The interesting part is later after many years; Yayati was still so immersed in himself that he asked to exchange his old age with his youngest son Puru. This is quite fascinating by many aspects. Puru’s love and affection for his father knew no bounds and he readily accepted this fate upon himself.

They say sometimes what you’re most afraid of doing is the very thing that will set you free. Yayati realised this very late in life. Its not the material possession or the beauty which you are going to carry with you in your grave, but the number of lives you touch.

I love the concluding lines of the book which actually sets the theme for the entire novel:

Oh man, desire is never satisfied by indulgence. Like the sacrificial fire, it ever grows with every offering.

A truly beautiful and an immersive story. Yayati was  originally written in Marathi, which went on to win the Jnanpith and Sahitya Akademi Awards and hence subsequently got translated to English. This novel is a masterpiece by VS Khandekar.

A highly recommended read to everyone, especially those who are interested in mythology. The translation by YP Kulkarni does justice to the original version but the original version in Marathi is supposed to be more vivid, and one can enjoy the mythical past vicariously.

The Palace of Illusions :An artistic marvel

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“Through the long, lonely years of my childhood, when my father’s palace seemed to tighten its grip around me until I couldn’t breathe, I would go to my nurse and ask for a story.  And though she knew many wondrous and edifying tales, the one that I made her tell me over and over was the story of my birth. I think I liked it so much because it made me feel special, and in those days there was little else in my life that did. Perhaps Dhai Ma realized this. Perhaps that was why she agreed to my demands even though we both knew I should be using my time more gainfully, in ways more befitting the daughter of King Drupad, ruler of Panchaal, one of the richest kingdoms in the continent of Bharat.”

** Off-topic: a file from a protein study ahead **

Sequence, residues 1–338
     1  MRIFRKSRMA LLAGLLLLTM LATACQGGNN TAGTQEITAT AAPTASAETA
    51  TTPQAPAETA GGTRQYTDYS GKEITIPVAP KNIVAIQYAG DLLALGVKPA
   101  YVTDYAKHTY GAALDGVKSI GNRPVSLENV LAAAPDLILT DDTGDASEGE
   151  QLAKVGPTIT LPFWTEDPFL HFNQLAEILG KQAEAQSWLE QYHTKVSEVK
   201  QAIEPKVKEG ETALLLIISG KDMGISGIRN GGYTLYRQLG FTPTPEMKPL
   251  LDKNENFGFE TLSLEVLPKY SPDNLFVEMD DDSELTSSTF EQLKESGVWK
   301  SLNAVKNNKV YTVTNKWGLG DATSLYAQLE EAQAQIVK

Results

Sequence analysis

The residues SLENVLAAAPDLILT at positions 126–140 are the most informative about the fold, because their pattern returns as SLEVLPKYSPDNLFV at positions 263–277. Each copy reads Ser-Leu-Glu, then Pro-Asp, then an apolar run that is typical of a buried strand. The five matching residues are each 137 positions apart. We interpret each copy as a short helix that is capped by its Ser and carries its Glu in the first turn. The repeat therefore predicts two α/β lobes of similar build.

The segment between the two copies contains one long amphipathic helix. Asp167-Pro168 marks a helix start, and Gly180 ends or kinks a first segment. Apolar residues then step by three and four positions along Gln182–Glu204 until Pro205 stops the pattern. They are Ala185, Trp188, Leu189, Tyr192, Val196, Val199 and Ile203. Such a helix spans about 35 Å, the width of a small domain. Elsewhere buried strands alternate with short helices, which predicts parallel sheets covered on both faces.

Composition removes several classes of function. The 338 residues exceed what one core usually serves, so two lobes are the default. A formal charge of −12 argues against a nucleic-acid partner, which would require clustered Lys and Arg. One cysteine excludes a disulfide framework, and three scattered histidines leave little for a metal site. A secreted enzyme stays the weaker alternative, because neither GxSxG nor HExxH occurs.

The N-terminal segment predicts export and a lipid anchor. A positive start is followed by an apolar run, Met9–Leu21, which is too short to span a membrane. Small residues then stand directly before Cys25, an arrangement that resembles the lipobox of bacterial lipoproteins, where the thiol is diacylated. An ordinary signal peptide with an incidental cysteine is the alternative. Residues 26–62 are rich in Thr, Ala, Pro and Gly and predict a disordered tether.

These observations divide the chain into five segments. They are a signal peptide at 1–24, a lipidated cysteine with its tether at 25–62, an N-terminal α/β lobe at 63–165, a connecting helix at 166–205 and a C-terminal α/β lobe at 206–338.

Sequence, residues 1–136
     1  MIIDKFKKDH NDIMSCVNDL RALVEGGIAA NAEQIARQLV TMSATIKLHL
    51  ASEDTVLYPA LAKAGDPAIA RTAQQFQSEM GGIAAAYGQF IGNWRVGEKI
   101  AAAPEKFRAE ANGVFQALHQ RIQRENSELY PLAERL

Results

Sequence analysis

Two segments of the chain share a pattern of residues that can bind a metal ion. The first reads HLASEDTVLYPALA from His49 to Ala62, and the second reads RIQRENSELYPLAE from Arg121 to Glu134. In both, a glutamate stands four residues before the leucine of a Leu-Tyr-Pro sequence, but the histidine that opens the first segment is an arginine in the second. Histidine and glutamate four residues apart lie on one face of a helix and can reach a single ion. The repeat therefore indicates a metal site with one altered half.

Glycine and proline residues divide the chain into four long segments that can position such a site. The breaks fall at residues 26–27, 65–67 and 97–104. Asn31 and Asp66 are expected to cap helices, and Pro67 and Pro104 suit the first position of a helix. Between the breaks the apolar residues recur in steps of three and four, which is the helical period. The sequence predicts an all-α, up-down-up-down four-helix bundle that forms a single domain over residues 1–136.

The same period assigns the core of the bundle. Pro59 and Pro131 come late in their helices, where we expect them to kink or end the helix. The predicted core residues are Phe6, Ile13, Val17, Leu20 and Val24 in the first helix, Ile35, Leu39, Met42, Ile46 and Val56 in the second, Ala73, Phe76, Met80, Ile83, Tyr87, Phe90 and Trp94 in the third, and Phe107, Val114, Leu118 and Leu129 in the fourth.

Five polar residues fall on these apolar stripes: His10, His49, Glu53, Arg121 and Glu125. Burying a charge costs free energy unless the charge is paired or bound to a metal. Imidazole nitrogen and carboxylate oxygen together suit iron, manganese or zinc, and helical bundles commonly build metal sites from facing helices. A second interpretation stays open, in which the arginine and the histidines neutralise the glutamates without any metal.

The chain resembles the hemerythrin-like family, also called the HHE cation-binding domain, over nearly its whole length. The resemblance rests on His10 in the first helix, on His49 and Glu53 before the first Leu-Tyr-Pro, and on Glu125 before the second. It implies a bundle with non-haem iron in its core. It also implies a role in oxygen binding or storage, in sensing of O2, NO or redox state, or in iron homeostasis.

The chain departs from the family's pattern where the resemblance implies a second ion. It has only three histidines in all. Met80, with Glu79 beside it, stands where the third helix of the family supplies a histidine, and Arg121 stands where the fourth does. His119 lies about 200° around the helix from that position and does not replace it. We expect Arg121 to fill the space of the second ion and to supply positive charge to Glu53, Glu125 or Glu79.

And thus begins the story of Princess Panchaali, born out of fire , as it was prophesied, she would be responsible to change the course of history, and oh man how excited was she to hear all about it over and over again. This beautiful dark skinned princess was none other than Draupadi. As we all know her as the wife of the legendary Pandava brothers, the only women to have five husbands all at the same time.